Since I’m reading about law and gospel, I’m going to do a series of posts from my Romans 9:30-10:13 paper. This is a paper in which we were asked to answer five questions:
1. What does it mean that the Gentiles have attained righteousness (9:30)?
2. According to Romans 9:31-33 and 10:2-3, what was Israel’s problem?
3. How should the two occurrences of “righteousness of God” in Romans 10:3 be defined (and translated)?
4. What does it mean that Christ is the τέλος of the law (10:4)?
5. Does Paul draw a contrast or comparison between Romans 10:5 and 10:6-8? What is the significance of this contrast or comparison?
In this first post, I’ll give my paraphrase for Romans 9:30-10:13. In subsequent posts, I’ll post my answers to each of the five questions above.
My paraphrase of Romans 9:30-10:13:
In light of the fact that so few Jews are being saved, what shall we say? Gentiles, who didn’t pursue a right standing with God, are attaining such a right standing. And what kind of righteousness are they attaining? One by faith in Christ as a redeemer and sin-bearer.
On the other hand, Israel who pursued a law whose long-term goal was righteousness (through faith in Christ) did not succeed in reaching that long-term goal (of attaining righteousness). Why? They failed because they did not make this pursuit of the law’s goal by faith but as if it were on the basis of works. Therefore, they tripped over the stumbling stone when He came. As the Old Testament says: “Notice: I am putting in the path of God’s people a stone of stumbling and a rock that offends proud people who seek to establish their own righteousness on the basis of their deeds. But, by contrast, whoever puts faith in him for righteousness will not be put to shame. They will in fact be saved!” Sadly, their ignorance the goal of the law (Christ for righteousness) has now also resulting in them continuing to walk down the law path even though that path has effectively served its purpose.
Brothers, I really want and regularly pray to God that He might save them. As much as anyone, I can tell you that they have a strong desire for God, but it is a desire not based on knowledge. You see, they ignored the righteousness that God freely offered to sinners broken-hearted over their guilt before a holy God and sought to establish a so-called “righteousness” based on their imperfect performance. In so doing (and they continue to do this), they are not submitting to God’s perfect righteousness, because Christ is the goal of the law for righteousness to everyone who believes.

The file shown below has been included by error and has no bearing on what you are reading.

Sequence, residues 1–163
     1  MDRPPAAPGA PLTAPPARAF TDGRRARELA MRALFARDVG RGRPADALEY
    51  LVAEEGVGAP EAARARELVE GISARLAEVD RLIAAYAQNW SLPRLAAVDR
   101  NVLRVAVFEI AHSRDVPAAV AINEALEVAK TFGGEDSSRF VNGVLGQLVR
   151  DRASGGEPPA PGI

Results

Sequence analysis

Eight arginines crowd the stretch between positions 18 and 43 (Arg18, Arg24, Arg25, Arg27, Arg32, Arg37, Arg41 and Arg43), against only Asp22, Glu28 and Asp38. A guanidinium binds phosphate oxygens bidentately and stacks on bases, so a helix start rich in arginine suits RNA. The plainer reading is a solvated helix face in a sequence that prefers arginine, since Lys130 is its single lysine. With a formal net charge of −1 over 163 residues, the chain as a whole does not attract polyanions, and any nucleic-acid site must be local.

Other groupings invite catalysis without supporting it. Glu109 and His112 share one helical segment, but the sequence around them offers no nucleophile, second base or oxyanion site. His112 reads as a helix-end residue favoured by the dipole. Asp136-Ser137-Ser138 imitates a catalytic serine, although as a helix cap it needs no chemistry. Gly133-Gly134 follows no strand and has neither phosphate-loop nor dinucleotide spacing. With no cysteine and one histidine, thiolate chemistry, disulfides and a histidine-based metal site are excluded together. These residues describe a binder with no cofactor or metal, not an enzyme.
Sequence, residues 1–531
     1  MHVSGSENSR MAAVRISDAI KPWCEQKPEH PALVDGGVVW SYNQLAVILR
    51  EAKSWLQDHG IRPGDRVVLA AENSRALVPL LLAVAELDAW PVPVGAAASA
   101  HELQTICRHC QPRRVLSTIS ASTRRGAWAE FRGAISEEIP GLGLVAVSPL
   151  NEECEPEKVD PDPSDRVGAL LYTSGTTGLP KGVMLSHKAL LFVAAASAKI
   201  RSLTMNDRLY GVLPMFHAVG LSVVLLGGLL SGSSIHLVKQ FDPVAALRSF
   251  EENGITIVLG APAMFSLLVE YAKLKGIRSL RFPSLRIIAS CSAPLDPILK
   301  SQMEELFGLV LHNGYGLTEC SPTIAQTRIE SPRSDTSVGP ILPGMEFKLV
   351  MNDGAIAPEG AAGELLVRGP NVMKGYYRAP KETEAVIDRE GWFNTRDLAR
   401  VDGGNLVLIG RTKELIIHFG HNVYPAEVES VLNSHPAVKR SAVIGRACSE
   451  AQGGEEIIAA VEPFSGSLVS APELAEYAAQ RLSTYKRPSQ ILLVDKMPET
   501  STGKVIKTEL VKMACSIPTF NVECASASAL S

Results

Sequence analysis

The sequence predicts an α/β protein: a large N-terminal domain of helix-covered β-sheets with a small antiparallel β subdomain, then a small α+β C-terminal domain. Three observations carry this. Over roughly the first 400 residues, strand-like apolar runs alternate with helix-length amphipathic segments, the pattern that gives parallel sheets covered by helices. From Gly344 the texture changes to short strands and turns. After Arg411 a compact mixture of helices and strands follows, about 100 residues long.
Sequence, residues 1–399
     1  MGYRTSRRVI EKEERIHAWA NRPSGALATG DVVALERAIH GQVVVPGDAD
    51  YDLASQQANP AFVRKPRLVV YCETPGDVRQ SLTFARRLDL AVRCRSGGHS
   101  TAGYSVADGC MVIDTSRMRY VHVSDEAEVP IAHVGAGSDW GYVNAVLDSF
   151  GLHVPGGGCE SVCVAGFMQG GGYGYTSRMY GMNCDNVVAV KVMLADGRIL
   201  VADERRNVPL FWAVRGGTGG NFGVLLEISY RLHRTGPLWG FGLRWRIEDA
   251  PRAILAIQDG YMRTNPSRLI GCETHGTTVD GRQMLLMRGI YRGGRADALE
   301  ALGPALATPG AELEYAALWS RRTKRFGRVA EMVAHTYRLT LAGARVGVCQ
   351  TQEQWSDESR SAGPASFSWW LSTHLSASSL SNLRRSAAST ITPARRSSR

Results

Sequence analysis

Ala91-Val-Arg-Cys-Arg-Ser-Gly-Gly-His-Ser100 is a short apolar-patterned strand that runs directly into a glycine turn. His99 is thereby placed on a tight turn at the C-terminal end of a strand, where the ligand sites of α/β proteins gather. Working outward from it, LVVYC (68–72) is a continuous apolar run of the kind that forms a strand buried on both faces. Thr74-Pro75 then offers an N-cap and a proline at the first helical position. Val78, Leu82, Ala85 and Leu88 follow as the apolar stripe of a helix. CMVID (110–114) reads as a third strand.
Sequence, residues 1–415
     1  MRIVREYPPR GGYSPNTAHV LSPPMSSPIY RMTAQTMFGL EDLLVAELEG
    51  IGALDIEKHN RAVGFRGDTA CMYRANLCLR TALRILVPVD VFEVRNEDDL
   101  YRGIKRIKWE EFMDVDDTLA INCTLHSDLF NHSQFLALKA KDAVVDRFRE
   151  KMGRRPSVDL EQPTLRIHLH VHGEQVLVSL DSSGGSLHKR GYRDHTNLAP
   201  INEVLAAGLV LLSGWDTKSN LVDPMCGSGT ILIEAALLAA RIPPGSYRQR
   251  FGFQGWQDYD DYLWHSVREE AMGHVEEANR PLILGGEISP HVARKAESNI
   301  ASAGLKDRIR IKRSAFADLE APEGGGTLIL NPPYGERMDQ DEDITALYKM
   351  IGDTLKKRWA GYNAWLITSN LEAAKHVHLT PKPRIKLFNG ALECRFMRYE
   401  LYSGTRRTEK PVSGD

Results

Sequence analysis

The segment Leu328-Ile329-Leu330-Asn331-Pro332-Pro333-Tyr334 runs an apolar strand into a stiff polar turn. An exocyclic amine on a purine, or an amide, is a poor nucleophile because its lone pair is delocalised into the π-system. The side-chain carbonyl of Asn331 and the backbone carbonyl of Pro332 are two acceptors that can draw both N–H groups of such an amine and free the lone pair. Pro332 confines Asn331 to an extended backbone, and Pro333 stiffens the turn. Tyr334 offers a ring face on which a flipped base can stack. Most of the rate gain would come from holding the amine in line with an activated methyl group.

Moses wrote about the right standing that comes by the law when he said, “the one who does the commandments shall live by them.” What Moses meant was: Obey the law perfectly by means of a perfect faith in God, and you’ll attain eternal life. And your attempts to perfectly keep the law should have brought you to see your desperate plight! Which should have led you to seek the righteousness based on faith, which says this: “Don’t say in your heart, ‘Who will go up to heaven?’” (that’s impossible, like accomplishing Christ’s incarnation); or “Don’t say in your heart, ‘Who will go down into the depths?’” (that’s impossible, like accomplishing Christ’s resurrection). God had to do these things for us.
But what does the righteousness based on faith say? The word of faith (that we proclaim) is near you, in your mouth and in your heart—namely, cease from striving to establish your own righteousness by what you do and believe in the One who perfectly accomplished obedience on your behalf. The bedrock of the Mosaic covenant was always the gracious condescension of God, and not our deeds. Moses’ law had the long-term goal of our repentance, and our crying out to God to supply an alien righteousness. Because if you would only confess with your mouth that Jesus is Lord and believe in your heart that God raised him from the dead, you will be declared righteous. For it is with your heart that you exercise faith and obtain right standing with God, and it is with your mouth that you speak and show yourself to be saved. Because the Scripture says, “All the ones who believe in him will not be put to shame.” Because, after all, God makes no distinction between Jew and Greek; the same Lord is Lord of all, graciously imparting his spiritual riches on all who call on him. For everyone who calls on the name of the Lord will be saved.
Update: Here are links to the rest of this series: